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Almost Famous

Did you know that not all bees live in hives like honey bees? In fact of all the bee species, over 90% are solitary bees. Even though they aren't as famous honey bees or bumble bees, solitary bees are vital pollinators.

Solitary bees are not just bees who have left the hive and are now living the single life. Unlike the honey bee, every female solitary bee lays eggs and raises offspring on her own, without the support of workers or drones. Some species of solitary bees do live in a type of social group, with bees building separate nests close to each other.

There are over 200 species of solitary bee. They are non-aggressive and rarely sting. This makes them perfect pollinators that you can invite to make a home in your garden. You can even make a home for them - a simple bundle of hollow canes and twigs securely bundled together should do the trick. If you’d prefer, there are many pre-made bee homes available to purchase.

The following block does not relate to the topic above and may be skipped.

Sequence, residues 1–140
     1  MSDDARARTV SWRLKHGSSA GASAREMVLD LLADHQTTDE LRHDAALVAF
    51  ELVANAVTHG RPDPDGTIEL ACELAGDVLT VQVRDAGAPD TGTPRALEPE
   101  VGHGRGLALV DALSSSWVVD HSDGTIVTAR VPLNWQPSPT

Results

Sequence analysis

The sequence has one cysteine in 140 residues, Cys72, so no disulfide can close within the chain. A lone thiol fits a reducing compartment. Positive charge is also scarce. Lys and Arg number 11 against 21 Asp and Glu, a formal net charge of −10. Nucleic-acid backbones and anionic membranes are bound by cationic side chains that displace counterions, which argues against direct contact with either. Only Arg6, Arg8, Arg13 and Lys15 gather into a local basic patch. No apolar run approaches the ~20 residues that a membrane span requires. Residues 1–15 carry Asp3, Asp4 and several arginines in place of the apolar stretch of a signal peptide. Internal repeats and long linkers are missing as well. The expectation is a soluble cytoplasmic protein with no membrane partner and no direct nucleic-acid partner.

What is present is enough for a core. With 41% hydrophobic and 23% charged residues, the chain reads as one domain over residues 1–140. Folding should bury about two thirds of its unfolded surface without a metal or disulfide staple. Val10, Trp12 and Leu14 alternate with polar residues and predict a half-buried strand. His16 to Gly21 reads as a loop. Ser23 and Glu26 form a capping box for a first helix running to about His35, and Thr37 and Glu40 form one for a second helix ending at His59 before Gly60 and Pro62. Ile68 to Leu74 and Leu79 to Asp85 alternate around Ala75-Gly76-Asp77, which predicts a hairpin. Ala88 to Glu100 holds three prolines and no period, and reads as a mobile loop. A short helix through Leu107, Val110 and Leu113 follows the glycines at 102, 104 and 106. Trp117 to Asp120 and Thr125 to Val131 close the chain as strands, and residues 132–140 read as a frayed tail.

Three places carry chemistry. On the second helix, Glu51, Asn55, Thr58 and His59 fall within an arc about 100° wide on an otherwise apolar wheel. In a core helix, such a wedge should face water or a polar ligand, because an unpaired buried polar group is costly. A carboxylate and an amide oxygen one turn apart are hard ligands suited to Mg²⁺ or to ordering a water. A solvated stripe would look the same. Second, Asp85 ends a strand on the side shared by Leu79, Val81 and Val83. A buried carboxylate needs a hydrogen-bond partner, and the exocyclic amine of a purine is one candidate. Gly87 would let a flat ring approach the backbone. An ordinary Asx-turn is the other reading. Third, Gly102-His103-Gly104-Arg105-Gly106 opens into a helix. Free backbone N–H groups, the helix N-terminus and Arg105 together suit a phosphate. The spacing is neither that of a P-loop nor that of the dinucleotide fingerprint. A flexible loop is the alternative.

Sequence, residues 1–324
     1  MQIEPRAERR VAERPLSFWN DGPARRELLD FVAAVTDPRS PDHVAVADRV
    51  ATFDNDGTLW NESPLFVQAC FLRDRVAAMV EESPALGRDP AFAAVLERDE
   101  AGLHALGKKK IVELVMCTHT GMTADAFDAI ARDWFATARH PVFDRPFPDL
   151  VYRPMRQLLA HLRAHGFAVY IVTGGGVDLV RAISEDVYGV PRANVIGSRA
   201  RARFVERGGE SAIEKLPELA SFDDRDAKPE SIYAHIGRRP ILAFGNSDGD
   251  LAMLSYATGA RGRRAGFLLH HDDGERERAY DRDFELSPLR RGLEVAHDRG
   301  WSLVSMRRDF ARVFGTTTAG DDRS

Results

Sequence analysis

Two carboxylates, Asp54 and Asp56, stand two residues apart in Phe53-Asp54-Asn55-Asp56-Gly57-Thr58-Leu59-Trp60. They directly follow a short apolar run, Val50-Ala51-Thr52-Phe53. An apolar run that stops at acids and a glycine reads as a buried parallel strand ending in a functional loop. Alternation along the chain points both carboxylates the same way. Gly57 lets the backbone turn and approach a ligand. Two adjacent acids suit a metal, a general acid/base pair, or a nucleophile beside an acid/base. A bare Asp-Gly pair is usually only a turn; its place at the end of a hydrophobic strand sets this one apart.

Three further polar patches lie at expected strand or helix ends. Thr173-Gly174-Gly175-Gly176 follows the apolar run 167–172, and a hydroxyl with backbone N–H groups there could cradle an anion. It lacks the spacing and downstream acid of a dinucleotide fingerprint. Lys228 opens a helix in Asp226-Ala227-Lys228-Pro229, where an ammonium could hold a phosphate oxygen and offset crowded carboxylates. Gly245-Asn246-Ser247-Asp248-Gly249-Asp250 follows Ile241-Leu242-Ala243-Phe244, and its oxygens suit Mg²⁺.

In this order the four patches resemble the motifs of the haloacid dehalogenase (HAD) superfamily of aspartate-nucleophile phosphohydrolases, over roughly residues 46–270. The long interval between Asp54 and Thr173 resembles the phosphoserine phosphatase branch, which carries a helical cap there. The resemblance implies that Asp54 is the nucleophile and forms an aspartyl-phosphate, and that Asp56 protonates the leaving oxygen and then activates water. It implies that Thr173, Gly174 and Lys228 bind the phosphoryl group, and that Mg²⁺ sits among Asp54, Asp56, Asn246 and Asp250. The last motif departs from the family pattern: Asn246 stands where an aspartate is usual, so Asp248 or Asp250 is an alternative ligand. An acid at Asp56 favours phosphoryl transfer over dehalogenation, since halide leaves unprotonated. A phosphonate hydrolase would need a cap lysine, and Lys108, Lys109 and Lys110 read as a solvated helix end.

One type of solitary bee often found in our area is the mason bee. Mason bees are remarkable pollinators – just 250-300 females can pollinate an entire acre. During the early spring months, you can attract mason bees by providing nesting tunnels, plenty of bee food in the form of fruit trees, berries, flowers and vegetables, and a mud source. Mason bee houses can be bought or made from wood, thick paper straws, or hollow reeds. One of our Girl Scout volunteers, Carissa Poore, even built us a mason bee home to have on the park grounds for her Gold Award.

If you’re looking to learn more about mason bees, check out There you can sign up for Bee Mail, and they’ll send you a monthly reminder with timely information about caring for your mason bees. Charlotte's Quest Members are invited to our June First Friday Fire which will be all about bees, and includes an evening hike, campfire and s’mores! As a member, you join a community supporting a thriving, natural environment in Northern Carroll County. Not a member? No problem! You can join on our website here:

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